Cura with its re-slice function on any model movement does not appeal to me, but I do not use it to print with, only prepare models.

The Nerdy-derby track used a couple months ago at the local Makers faire was generated using S3D by me and the gcode used by the other people also printing sections of track for its smoother and uniform surface.

You can copy and paste the end gcode from cura and add it to the end script on S3D for the extruder to return to home position and the build table to move forward like the cura program. Here is the end gcode from cura if you want to place in S3D. You must delete the one in S3D first then copy and paste this one for the end gcode. works just fine on my mini using S3D.

M104 S0 ; hotend off
M140 S0 ; heated bed heater off (if you have it)
M107 ; fans off
G92 E0 ; set extruder to 0
G1 E-3 F300 ; retract a bit to relieve pressure
G1 X5 Y5 Z156 F10000 ; move to cooling positioning
M190 R60 ; wait for bed to cool
M140 S0 ; turn off bed
G1 X145 Y175 Z156 F1000 ; move to cooling positioning
M84 ; steppers off
G90 ; absolute positioning

I probably sounded too negative about S3D – and thank you for the tip on Z homing. The nice thing about S3D is I haven’t experienced a critical bug yet.

I was reminded of how important that is just 5 minutes ago with Cura – I arranged a bunch of pieces carefully, set some custom settings, pressed send to printer in the main window, and the popup control window appeared and connected to the printer. Then I remembered I wanted to tweak one other thing, but I forgot that with Cura on the Mac, if you have just started the program and not yet pressed the print button in the popup control window, if you just close that window it won’t close, you can’t make any changes, you can’t reconnect to the printer with the stuck popup – you just have to quit and start all over. The workaround is to press print in the popup, then press cancel, then close the popup. After that, it will work like expected (this only happens on the first time the popup appears after starting the program), but I forget to go through that rigmarole half the time. This aggravation is why I paid for S3D.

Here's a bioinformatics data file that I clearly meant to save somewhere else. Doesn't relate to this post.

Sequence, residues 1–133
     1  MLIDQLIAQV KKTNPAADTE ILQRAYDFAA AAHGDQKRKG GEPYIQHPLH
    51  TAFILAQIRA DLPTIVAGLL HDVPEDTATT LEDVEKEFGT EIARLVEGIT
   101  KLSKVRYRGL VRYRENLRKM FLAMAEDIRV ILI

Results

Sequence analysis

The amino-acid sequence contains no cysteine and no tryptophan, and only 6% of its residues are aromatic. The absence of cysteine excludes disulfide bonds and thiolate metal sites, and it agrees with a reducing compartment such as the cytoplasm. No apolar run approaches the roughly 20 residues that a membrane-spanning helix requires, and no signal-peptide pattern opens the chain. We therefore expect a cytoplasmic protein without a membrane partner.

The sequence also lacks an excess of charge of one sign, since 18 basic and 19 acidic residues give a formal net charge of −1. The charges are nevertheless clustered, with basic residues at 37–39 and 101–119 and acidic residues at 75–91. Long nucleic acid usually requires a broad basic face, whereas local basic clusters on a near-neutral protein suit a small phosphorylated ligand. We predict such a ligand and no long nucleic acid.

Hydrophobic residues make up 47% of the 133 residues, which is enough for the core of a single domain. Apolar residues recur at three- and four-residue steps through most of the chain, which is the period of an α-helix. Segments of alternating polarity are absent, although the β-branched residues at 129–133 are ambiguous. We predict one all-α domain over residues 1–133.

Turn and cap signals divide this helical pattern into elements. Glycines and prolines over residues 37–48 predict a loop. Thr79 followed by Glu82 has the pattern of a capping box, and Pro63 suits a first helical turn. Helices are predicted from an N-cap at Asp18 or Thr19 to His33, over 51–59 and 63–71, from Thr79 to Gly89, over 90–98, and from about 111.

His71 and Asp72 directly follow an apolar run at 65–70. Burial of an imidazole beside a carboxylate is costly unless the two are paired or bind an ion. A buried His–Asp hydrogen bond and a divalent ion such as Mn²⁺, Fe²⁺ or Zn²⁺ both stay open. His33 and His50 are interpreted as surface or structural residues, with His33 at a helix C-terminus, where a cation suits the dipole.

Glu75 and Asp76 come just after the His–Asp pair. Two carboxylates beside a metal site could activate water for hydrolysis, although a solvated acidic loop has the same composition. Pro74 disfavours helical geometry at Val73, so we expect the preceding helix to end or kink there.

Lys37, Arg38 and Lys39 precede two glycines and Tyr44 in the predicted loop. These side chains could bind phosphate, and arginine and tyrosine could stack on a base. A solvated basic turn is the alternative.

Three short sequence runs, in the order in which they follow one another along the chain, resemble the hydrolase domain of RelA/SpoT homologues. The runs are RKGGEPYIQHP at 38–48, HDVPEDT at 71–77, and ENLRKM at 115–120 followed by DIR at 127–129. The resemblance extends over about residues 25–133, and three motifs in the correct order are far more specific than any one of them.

I’m only on version 3.0 my mini run computer is off network I had to borrow a friends 500ft cat6 cable just to activate S3D didn’t know I had to download the profiles didn’t have time to play with it at that moment either so I gave my friend back his cable right after it was done, now he’s gone for a month.

I know you can export and import profiles even the built in ones so I was hoping someone here would help me out.

Hopefully this is what you are looking for. The “fff” extension is not allowed, so I renamed it to “.txt” – you’ll need to name it back. This is from 3.0.1 for OS X.
miniS3Dprofile.fff.txt (11.9 KB)

In OSX, the default behavior is to only rotate on Z. In Simplify3D/Preferences however, under the first tab, if you check the box “always show full 3D transform gizmo” you get the option to use the mouse to rotate on X and Y as well when you click the fourth icon in the toolbar.

I’ve been trying out supports in S3D for the last two days, and I’m really frustrated. When supports work, they slip off the piece absolutely beautifully – they totally live up to the hype. But the bigger issue is that they just don’t want to stick the bed reliably. Cura lays down a grid to anchor the supports, then builds supports on top of that. S3D skips that anchor. The only time I’ve managed to get all of the supports to stick in S3D, is when I use a raft (and the raft does not come off easily at all unless you consider xacto trimming “easy”). Right now Cura is reliably printing out a piece with supports that I’ve just canceled several time in a row in S3D. If the bed was dirty, Cura would be failing too.

What I’ve tried:

– making the supports denser so that there is more surface area touching the buildplate.
– increasing the first layer width to 125%, but that seems to be ignored with supports.
– I tried lowering the nozzle 0.1 mm after the leveling sequence – I don’t know if that would lower it for the whole print or just drop it 0.1 mm while waiting to heat up. I suspect the latter, which means it did nothing.

Anyway – suggestions? The way supports come off the piece is awesome, but if they can’t stick to the bed, that’s a total show stopper.

What type of filament? Supports in S3D are pretty reliable for me on the bare bed. Make sure the bed is clean and if using ABS heat the bed to 110C for the first few layers. I usually use a low support density (10-20), then specify 3-5 layers of dense support (70-80).

A light sanding with a fine grit sandpaper may help adhesion to the bed. I use a Mr. Clean magic eraser… just enough grit to remove residue and oils. Use IPA sparingly as it may dry out the PEI.